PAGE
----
The aim of this assignment is to critique an evidence based guideline that is currently being utilised within the clinical area of the author. The chosen guideline is ‘the management of postpartum haemorrhage (PPH)’ (see appendix 1). The author will base the critique of these guidelines using the Appraisal of Guidelines for Research and Evaluation Instrument (AGREE, 2001) (see appendix 2), which provides a framework for assessing the quality of clinical practice guidelines (AGREE, 2001). However, other supporting and opposing literature will be included.
Over the past decade clinical guidelines have become an everyday part of practice (Woolf et al, 1999), and are defined by West and Newton (1997) as-
“systematically developed statements which are used to assist both clinicians and patients in making decisions regarding appropriate treatment for certain conditions” (P. 414).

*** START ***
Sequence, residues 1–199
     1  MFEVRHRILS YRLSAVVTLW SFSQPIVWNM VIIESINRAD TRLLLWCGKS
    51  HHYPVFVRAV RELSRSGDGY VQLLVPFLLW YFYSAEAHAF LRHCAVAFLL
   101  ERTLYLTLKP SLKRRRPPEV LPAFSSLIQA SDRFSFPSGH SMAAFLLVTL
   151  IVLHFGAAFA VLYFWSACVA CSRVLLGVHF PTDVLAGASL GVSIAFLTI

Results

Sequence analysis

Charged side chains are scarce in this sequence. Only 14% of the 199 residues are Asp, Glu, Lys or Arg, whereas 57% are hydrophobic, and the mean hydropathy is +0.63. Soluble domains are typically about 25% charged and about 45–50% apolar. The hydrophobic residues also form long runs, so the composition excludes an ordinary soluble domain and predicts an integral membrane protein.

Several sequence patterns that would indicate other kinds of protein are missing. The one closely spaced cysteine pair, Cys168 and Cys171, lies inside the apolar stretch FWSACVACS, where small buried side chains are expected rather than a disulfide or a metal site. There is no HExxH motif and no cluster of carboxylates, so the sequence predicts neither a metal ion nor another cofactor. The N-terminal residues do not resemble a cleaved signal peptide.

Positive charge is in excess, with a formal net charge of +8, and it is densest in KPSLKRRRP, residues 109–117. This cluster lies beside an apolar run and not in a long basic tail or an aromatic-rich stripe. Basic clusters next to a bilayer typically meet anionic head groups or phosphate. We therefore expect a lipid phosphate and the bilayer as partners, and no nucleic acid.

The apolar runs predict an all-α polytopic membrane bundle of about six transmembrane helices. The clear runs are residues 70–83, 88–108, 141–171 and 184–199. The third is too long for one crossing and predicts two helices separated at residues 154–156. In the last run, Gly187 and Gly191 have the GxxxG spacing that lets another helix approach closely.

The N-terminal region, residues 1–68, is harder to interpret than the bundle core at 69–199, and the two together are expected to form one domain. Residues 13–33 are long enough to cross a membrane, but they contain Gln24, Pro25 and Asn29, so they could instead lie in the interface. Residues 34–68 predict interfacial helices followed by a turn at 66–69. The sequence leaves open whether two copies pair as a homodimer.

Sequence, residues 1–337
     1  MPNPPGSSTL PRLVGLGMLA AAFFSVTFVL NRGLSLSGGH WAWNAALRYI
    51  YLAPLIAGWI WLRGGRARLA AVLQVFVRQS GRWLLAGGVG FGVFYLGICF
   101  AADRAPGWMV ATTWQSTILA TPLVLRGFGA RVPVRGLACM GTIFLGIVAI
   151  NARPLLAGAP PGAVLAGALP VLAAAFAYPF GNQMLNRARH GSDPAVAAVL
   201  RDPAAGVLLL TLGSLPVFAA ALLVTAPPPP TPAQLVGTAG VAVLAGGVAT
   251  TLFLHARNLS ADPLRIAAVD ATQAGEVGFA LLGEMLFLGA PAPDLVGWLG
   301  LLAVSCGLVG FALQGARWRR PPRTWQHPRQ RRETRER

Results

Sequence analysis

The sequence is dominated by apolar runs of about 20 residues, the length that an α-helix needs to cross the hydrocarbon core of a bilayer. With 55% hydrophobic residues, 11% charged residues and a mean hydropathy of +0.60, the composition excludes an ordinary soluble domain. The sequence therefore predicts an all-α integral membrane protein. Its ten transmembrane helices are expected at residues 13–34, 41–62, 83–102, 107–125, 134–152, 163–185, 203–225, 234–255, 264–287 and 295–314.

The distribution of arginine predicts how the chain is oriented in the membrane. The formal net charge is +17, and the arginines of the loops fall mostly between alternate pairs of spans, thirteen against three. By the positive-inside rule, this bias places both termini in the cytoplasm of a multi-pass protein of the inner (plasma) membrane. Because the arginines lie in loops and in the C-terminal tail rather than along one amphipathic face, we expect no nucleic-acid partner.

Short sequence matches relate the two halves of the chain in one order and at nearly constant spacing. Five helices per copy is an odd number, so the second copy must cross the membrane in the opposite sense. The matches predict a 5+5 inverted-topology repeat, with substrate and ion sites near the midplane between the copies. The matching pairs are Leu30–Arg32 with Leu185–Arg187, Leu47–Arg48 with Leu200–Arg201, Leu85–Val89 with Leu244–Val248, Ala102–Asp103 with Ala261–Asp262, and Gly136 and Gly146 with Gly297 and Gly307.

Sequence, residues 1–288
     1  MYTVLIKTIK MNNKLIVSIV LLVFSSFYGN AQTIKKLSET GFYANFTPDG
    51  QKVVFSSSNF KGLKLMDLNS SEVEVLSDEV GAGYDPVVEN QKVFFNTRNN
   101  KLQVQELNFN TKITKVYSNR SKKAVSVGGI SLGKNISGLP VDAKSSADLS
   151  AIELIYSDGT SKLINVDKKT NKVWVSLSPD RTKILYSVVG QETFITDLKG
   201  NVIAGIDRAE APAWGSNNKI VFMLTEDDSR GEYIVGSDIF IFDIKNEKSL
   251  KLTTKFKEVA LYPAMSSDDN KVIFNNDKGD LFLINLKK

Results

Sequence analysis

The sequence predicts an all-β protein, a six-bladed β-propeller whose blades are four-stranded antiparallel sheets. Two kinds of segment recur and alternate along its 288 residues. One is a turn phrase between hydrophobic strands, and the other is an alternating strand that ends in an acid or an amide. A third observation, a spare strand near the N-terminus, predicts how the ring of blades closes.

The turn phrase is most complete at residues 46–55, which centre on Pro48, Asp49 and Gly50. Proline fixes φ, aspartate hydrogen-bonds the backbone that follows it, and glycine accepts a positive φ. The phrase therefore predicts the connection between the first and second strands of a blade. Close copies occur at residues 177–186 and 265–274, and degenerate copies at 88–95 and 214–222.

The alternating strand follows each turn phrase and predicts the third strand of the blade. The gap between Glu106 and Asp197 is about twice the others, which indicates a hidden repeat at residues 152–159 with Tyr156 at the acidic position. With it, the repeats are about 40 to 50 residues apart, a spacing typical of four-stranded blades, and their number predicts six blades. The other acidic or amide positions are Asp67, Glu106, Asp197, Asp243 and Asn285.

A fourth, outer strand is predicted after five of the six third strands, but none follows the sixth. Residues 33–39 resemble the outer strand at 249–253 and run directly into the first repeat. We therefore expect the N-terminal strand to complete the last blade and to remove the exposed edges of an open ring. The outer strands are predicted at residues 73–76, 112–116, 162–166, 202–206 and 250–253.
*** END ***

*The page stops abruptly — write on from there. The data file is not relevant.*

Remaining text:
Guidelines can reduce variations in practice, and promote the delivery of high quality evidence based health care (Thomson, 1995, West and Newton, 1997, and Rycroft-Malone, 2001). However, although guidelines should be evidence based, several authors have found that there is increasing concern regarding the reliability, effectiveness and quality of them (Grimshaw and Russell, 1993, Thomas et al, 1998, and Muir Gray, 2001). Ensuring guidelines are used in the clinical area also has the potential to reduce litigation, which is high within the National Health Service (Tingle, 1998). Conversely, they may also be used in litigation against individual health care professionals who will be held professionally accountable (Johnson, 2002). In addition Feder (1994) states that clinicians find them inconvenient and time-consuming, and that they may encourage ineffective or wasteful interventions. Concerns have also been raised that guidelines de-skill professionals, reducing their capacity to think for themselves and reduce their clinical judgement (Shekelle et al, 1999). In contrast, a...